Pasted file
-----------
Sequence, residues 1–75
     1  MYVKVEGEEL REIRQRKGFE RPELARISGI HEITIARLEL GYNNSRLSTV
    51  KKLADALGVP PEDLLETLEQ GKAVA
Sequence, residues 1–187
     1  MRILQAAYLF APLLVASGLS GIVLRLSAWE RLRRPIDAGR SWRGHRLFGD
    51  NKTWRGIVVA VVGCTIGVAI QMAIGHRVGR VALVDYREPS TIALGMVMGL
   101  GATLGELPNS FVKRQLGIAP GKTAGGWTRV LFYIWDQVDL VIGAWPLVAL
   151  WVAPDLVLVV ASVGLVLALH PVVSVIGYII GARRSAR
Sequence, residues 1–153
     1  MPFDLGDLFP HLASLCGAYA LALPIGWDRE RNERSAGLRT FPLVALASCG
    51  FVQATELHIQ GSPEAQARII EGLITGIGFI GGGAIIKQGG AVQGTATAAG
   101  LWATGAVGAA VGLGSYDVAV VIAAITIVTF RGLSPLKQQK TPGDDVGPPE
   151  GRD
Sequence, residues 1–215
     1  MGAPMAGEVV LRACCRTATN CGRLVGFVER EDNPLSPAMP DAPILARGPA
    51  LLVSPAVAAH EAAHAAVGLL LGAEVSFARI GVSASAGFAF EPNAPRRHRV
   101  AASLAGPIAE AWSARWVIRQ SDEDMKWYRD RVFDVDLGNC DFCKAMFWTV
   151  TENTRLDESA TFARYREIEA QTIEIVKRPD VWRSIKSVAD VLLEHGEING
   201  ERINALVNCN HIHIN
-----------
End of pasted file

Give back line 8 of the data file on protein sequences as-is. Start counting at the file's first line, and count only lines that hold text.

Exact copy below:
   151  WVAPDLVLVV ASVGLVLALH PVVSVIGYII GARRSAR